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Transplant ethics is an area of medical ethics that discusses organ transplantation and the myriad concerns that can come up in the process of organ allocation, preparation for transplant, and interactions with donors and their families. This is a topic of academic study as well as practical application. In facilities where transplants take place, personnel usually have training in transplant ethics and the hospital has a precise protocol to follow in transplant situations that includes ethical considerations.
The ability to transplant organs and tissue was a tremendous development in the field of medicine. Patients with failing organs could receive a new lease on life through donation, but the rise of transplantation procedures also created ethical concerns. A hospital must decide who should receive transplants and how they should be prioritized on a list of patients waiting for organs. This may involve a consideration of medical history, risk factors, and the ability to care for the donor organ.
This area of ethics also includes concerns about donors. Organ donation can involve patients who appear to be alive; in beating heart organ donation, for example, the organ transplant team takes organs from a patient with a beating heart. This may be traumatic for care providers and family members. Part of transplant ethics involves determining when a patient is actually dead with means like tests to check for brain activity, to avoid a situation where organs are taken from a living patient. Counselors who work with donors and their families must also consider how to approach families with requests for organ donation, and need to be able to educate families about the process so they can make an informed decision.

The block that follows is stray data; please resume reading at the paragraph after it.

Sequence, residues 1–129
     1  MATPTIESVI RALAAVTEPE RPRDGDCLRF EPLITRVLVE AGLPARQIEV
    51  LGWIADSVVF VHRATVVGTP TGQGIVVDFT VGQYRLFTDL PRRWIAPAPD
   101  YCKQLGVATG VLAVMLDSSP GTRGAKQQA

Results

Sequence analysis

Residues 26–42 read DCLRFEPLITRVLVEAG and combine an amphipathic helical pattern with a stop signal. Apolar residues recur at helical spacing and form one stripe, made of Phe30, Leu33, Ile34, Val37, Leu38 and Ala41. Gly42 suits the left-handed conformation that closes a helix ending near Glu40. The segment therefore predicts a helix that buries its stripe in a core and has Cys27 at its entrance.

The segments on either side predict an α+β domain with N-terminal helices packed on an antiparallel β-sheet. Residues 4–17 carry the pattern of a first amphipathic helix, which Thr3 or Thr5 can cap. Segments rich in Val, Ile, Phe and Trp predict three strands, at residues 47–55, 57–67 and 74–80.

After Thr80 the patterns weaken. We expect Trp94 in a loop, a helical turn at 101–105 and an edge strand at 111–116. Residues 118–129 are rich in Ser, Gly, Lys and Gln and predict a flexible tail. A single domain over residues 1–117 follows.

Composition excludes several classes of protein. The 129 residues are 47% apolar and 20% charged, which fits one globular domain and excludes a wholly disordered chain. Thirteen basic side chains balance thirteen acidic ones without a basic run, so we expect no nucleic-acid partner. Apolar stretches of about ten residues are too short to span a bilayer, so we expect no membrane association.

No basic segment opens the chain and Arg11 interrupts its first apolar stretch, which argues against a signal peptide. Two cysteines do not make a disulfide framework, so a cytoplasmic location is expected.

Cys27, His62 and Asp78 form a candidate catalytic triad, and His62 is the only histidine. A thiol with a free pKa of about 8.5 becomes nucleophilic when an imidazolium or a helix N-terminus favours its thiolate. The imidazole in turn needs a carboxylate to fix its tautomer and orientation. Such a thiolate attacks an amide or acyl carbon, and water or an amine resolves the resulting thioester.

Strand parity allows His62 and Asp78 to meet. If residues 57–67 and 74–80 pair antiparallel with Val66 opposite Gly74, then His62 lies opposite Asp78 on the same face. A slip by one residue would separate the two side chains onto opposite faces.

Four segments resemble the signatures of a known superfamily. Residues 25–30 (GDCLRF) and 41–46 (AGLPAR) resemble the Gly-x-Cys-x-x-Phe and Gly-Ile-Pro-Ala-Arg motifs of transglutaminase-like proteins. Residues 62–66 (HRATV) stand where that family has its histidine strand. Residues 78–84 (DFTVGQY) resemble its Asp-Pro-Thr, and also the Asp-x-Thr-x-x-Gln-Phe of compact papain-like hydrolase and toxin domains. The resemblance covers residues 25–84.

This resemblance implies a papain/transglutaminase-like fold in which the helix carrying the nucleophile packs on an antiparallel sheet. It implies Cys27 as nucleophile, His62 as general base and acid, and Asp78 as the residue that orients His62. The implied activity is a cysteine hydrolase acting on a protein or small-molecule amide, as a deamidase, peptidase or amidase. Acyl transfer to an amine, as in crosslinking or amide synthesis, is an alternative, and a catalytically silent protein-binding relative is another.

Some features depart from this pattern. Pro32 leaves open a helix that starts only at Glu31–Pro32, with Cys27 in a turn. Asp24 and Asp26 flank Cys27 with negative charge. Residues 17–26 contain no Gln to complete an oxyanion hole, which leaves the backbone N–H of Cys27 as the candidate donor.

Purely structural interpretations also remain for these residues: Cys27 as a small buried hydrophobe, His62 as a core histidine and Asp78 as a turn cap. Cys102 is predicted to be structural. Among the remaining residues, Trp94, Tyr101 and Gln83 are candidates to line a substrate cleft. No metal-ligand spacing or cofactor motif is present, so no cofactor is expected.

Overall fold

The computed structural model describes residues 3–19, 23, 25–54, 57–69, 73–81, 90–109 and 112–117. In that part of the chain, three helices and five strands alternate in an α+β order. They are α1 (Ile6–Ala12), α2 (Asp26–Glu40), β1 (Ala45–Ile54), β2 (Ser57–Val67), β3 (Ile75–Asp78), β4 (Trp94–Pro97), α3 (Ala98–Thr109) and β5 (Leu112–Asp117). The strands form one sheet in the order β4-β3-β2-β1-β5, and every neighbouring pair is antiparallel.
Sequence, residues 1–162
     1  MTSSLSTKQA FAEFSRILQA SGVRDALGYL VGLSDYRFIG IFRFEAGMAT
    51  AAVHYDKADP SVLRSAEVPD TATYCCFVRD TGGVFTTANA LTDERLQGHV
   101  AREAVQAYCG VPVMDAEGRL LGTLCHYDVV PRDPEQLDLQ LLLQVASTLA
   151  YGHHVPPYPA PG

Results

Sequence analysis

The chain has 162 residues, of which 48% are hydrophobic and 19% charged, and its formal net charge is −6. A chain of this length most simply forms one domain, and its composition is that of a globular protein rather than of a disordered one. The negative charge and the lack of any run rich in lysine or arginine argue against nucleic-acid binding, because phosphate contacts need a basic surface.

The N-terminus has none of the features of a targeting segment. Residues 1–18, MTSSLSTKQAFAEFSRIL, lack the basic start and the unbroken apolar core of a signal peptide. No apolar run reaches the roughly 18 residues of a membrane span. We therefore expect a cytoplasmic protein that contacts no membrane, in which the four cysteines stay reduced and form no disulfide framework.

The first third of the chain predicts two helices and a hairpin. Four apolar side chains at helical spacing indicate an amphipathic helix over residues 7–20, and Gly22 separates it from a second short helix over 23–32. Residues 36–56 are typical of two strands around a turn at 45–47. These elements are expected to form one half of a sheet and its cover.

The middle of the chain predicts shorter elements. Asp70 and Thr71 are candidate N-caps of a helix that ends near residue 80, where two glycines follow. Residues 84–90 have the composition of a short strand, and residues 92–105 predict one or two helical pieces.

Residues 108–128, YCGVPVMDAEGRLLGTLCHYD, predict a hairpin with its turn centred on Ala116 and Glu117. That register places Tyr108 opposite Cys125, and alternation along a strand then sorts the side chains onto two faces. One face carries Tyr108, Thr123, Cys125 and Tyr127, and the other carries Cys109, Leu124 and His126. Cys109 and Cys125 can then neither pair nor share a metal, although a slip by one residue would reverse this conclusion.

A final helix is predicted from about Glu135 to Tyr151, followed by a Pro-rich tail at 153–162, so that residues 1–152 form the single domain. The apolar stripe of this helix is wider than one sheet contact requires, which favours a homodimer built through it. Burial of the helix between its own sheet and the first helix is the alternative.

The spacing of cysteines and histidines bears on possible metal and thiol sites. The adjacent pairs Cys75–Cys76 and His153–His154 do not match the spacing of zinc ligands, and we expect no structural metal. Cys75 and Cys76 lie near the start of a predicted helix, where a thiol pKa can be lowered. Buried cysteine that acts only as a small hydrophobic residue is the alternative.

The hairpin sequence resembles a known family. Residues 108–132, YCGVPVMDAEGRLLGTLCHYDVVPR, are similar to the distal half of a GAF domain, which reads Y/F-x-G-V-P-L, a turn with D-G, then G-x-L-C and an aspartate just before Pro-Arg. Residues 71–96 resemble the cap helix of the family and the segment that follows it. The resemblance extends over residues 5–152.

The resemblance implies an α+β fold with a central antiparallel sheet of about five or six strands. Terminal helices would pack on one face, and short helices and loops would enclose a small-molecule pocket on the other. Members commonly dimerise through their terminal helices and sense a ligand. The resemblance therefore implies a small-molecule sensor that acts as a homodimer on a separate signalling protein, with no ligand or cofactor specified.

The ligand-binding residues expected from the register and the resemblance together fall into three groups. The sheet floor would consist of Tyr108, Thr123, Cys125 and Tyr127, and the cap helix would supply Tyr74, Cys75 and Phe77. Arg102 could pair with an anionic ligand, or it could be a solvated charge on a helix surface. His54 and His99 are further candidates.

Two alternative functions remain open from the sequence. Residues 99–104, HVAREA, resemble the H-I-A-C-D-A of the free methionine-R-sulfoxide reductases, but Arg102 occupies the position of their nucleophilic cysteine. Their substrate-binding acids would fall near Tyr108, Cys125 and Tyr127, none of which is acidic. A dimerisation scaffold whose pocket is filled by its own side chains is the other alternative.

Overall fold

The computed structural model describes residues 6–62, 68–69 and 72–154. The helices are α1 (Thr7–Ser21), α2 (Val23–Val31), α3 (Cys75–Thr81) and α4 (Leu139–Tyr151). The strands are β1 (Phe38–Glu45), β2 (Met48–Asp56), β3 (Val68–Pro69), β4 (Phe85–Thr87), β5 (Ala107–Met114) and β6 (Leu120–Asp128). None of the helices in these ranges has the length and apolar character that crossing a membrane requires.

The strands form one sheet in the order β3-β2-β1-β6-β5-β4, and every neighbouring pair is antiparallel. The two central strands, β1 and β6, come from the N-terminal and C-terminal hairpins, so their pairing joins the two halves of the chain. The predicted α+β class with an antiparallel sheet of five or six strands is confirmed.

Some tangled issues can arise in transplant ethics. Members of some religious faiths may have concerns about religious bans on donation, and ethics education must include a discussion of major religious faiths and their stance on organ donation. It must also consider social issues like the fact that some patients may not be able to afford the cost of a transplant, or might not have the support system in place to recover from a transplant. Transplants are grueling and the new organs are often fragile. If a patient does not have the capacity to care for a donor organ, he is a poor candidate for transplant.
Specialists in transplant ethics sit on the transplant committees that make decisions about organ donation for hospitals and other institutions. These committees must review patient cases to determine who to allow on a waiting list for organs, and where to place people on that list. A patient might move up the list because of critical need, for example, but the ethicists have to consider whether this is fair to patients who have been waiting for a long time. There is also a risk of death while waiting for organ transplant that must be considered.